I am a historian of race, slavery, and commodification in the early modern Atlantic. My research traces the intertwined development of political economy, diplomacy, and race in West Africa, the Caribbean, the British Isles, and North America in the sixteenth, seventeenth, and eighteenth centuries. At base, my work explores how women, children, and men – from enslaved laborers, to Indigenous warriors, to merchants, to diplomats – hailing from each of these geographies made and contested value during the growth of Atlantic slaveries.
I am currently a Research Fellow with the AHRC-funded Legacies of the British Slave Trade Project, based in the Centre for the Study of the Legacies of British Slavery at University College London. Prior to this post, I was a Research Fellow with the Atlantic Slavery and its Afterlives Program at New York University under Professor Jennifer L. Morgan. I am also an incoming Research Fellow at Gonville and Caius College, Cambridge, commencing January 2023. I received my PhD in History from New York University in 2021, where I had the privilege to be trained in the Atlantic History program. I completed my BA in History and English Literature at the State University of New York at Geneseo, where I graduated summa cum laude.
My book project, Liquid Capital: Alcohol and the Rise of Slavery in the British Atlantic, 1580-1737 moves through Ireland, West Africa, the slaving ship, the Caribbean, and the Native Southeast to argue for the diplomatic, social, and economic importance of alcohol to the growth of a British empire premised in Indigenous dispossession and chattel slavery. At the same time, my work is equally concerned with foregrounding how African, African-descended, and Indigenous peoples mobilized alcohol to destabilize English control in line with their own conceptualizations of this intoxicant’s value. Liquid Capital has been generously supported by the OI-NEH SHARP Fellowship, the Folger Shakespeare Library, the Doris Quinn Foundation, the McNeil Center for Early American Studies, and the Huntington Library, among others.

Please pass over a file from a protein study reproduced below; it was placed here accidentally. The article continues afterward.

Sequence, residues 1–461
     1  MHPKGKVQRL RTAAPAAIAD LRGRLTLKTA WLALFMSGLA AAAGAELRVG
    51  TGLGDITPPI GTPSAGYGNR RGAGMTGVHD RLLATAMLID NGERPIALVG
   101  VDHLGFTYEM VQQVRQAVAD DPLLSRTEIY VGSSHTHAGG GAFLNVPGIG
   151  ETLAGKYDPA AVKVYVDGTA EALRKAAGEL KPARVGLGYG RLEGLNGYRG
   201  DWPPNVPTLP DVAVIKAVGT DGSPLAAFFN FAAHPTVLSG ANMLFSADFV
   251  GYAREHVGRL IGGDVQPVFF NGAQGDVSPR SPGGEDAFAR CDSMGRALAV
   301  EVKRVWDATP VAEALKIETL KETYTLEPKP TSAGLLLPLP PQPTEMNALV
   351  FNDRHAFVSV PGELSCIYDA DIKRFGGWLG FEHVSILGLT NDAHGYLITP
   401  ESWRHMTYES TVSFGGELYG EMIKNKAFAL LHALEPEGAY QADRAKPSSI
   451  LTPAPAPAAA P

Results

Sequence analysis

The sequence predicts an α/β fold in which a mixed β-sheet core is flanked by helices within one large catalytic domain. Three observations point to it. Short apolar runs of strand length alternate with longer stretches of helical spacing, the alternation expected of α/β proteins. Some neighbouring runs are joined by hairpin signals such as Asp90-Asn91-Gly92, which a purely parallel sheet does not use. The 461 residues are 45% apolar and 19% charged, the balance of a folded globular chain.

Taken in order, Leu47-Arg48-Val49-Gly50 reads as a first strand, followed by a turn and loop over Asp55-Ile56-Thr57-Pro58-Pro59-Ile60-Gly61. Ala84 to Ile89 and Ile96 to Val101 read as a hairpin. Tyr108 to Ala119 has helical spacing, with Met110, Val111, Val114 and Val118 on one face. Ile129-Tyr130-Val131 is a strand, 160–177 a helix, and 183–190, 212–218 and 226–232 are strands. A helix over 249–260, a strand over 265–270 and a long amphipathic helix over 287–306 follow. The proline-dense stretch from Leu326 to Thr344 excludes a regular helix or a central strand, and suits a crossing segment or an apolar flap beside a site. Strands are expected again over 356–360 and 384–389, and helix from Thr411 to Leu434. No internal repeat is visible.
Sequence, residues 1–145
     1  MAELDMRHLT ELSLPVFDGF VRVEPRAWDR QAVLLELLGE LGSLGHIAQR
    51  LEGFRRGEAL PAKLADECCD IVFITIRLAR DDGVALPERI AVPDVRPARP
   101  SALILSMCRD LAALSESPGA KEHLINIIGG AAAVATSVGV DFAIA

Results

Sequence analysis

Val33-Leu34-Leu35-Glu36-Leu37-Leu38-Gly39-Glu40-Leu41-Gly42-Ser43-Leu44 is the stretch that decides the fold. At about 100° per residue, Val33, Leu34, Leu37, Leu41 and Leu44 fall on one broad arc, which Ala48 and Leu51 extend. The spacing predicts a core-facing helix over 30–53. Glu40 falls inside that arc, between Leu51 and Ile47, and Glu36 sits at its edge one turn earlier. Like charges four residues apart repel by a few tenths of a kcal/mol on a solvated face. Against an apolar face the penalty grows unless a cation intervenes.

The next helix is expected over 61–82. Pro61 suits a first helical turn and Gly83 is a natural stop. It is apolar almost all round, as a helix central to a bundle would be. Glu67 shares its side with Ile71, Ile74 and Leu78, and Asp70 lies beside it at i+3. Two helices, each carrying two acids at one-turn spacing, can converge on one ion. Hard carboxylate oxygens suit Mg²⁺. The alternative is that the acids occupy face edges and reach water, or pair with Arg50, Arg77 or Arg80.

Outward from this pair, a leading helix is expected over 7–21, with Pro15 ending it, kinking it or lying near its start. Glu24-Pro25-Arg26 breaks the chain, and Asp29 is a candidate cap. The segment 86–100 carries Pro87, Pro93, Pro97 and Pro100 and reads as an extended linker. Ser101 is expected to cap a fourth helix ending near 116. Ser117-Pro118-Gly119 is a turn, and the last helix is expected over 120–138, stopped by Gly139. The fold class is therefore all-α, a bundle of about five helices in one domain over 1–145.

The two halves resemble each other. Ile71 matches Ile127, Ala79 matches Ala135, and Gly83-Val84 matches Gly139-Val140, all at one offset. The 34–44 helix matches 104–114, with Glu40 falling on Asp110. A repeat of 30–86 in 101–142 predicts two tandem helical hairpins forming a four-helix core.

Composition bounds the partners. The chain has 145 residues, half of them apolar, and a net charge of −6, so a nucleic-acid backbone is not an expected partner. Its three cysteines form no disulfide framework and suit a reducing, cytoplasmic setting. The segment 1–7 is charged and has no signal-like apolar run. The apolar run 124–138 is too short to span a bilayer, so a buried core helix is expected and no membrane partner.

Outside of formal academia, I am a founding editor of Insurrect!: Radical Thinking in Early American Studies, a publication that seeks to highlight early career and non-traditional scholars writing anti-racist, anti-colonial histories for a broad readership.